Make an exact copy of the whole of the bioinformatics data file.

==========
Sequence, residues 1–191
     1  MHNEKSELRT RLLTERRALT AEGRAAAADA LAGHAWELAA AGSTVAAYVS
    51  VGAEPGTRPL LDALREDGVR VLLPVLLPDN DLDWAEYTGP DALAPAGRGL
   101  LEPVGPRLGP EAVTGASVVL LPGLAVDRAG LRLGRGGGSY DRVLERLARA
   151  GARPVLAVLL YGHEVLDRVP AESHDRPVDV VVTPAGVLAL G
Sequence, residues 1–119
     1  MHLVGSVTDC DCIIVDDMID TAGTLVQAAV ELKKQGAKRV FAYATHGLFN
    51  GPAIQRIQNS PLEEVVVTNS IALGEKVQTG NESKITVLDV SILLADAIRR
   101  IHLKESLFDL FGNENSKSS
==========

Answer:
Sequence, residues 1–191
     1  MHNEKSELRT RLLTERRALT AEGRAAAADA LAGHAWELAA AGSTVAAYVS
    51  VGAEPGTRPL LDALREDGVR VLLPVLLPDN DLDWAEYTGP DALAPAGRGL
   101  LEPVGPRLGP EAVTGASVVL LPGLAVDRAG LRLGRGGGSY DRVLERLARA
   151  GARPVLAVLL YGHEVLDRVP AESHDRPVDV VVTPAGVLAL G
Sequence, residues 1–119
     1  MHLVGSVTDC DCIIVDDMID TAGTLVQAAV ELKKQGAKRV FAYATHGLFN
    51  GPAIQRIQNS PLEEVVVTNS IALGEKVQTG NESKITVLDV SILLADAIRR
   101  IHLKESLFDL FGNENSKSS